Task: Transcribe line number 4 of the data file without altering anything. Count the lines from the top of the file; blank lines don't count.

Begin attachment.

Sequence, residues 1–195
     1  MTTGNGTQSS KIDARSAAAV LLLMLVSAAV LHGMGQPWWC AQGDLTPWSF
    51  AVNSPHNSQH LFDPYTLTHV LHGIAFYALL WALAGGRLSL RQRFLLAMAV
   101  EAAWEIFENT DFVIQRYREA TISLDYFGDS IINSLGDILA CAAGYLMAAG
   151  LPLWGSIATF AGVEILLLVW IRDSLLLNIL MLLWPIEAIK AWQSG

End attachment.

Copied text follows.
   101  EAAWEIFENT DFVIQRYREA TISLDYFGDS IINSLGDILA CAAGYLMAAG